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Transcript
Antigone
by: Sophocles
Sophocles
• Born around 496/5 BC to a noble family in
Colonus (now Athens)
• Excelled in music and gymnastics
• Held public office in Athenian Democracy
• Plays written about human destiny and
divine justice
• Themes of innocence, equity, and mercy
• His ideas for plays came from other plays
“Tale of Thebes”
• Changes to play structure attributed to Sophocles:
– Addition of a third actor
– Increase the number of Chorus from 12 to 15
– Gave Chorus more subordinate part while reducing the
number and length of choral roles
– Introduced scene painting
– Abandoned the trilogistic form. Rather than 3 plays
with connected plots, he had 3 plays with unconnected
plots
• Died at age 90 in 406 BC
• Only seven complete plays have survived:
Antigone
Oedipus Rex
Electra
Ajax
Trachiniae
Philocletes
Oedipus at Colonus
Cast of Characters
Antigone
• Main character and Heroine
• Sister of Ismene, Polyneices, and Eteocles.
• Makes wise decisions based on morality and
integrity
Ismene
• Sister of Antigone, Polyneices, and Eteocles
• Makes choices based on selfish reasons and
fear.
Eurydice
• Aunt of Antigone, Ismene, Polyneices and
Eteocles
• Queen of Thebes after Jocasta
Creon
• Uncle to Antigone, Ismene, Polyneices, and
Eteocles
• King of Thebes after Oedipus
Haimon
• Love interest for Antigone.
• Son of Creon
Teiresias
• Blind Prophet
• Tells the future of the other characters
A Sentry
• A guard
Chorus
• A group of 12 - 15 men who speak as one
voice
• They provide narration and a voice of reason
Greek Tragedy
A Greek Tragedy is a play that emphasizes the
downfall of one of the main characters. The
cause of the downfall is most often the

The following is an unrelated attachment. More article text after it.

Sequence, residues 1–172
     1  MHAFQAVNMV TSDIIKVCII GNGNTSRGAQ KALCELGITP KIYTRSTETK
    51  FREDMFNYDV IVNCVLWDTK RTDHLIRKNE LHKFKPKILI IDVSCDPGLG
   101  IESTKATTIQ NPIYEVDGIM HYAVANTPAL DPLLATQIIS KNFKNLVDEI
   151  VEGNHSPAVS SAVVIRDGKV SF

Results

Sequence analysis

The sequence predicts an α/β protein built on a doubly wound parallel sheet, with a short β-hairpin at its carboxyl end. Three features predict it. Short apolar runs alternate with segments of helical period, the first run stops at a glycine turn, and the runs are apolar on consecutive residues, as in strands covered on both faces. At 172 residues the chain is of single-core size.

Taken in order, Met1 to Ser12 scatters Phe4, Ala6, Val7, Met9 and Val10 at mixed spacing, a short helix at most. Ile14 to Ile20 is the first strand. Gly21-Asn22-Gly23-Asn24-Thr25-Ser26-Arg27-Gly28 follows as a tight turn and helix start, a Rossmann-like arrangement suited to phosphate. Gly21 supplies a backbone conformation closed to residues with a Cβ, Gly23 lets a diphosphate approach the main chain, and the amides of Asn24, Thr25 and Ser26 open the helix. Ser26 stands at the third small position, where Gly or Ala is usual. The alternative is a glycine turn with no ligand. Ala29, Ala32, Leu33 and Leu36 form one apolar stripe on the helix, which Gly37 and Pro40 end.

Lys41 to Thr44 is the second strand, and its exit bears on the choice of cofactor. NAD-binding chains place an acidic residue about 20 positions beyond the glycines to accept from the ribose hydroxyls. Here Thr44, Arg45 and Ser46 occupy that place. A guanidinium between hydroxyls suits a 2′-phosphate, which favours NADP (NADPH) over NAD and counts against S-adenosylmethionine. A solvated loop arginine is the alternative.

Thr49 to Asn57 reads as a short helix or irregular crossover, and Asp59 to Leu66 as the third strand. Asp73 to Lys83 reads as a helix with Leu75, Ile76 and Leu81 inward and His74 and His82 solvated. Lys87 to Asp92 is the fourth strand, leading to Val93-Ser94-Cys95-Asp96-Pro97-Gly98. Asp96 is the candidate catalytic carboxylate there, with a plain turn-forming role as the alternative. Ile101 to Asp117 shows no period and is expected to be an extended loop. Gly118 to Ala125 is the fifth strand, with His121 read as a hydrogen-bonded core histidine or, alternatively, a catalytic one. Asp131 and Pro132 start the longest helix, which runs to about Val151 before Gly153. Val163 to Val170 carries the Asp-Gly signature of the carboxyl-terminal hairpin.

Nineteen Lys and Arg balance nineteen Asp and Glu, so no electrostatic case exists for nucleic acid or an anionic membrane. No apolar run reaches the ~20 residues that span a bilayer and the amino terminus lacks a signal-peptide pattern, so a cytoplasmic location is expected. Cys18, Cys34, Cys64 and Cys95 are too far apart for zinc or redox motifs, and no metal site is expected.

characters hubris or pride. They are too proud
to change their destructive behavior and end
up harming themselves and others but the end
of the play.
Aristotelian Theory: The
Elements of a Greek Tragedy
Unity of Action
• Tragic plots must have a clear beginning,
middle and end
• The action should be ordered and continuous,
arising through a cause and effect process.
Catharsis
• Events in the play should inspire pity and
terror in its viewers.
The purification of the emotions by vicarious
experience, esp. through the drama
Hamartia
The fault or error which entails the
destruction of the tragic hero
Similar to Hubris= excessive pride
Peripeteia
In classical tragedy (and hence in other forms
of drama, fiction, etc.): a point in the plot at
which a sudden reversal of situation occurs.
Anagnorisis
-Recognition; it was the hero's suddenly becoming
aware of a real situation and therefore the
realization of things as they stood; a perception
that resulted in an insight the hero had into his
relationship with often antagonistic characters
within Aristotelian tragedy.
Scene of Suffering
• Suffering was viewed as a prerequisite for
wisdom
Humpty Dumpty as a Greek
Tragedy
• Humpty Dumpty sat on a wall
• He is a noble protagonist set perilously in a
high place of power
• Humpty Dumpty had a great fall
• Experiences a reversal of situation; he falls
from greatness- his tragic weakness is his
frailty - a thin shell
• The readers feel pity and terror.
• The egg is cracked. He will never sit on the
wall again. He is damaged for ever.
• And the same thing can happen to the
reader.
• Go to fast in your car- get a ticket
• Get a high yield stock - end up broke
• Break the law to get into office, end up
disgraced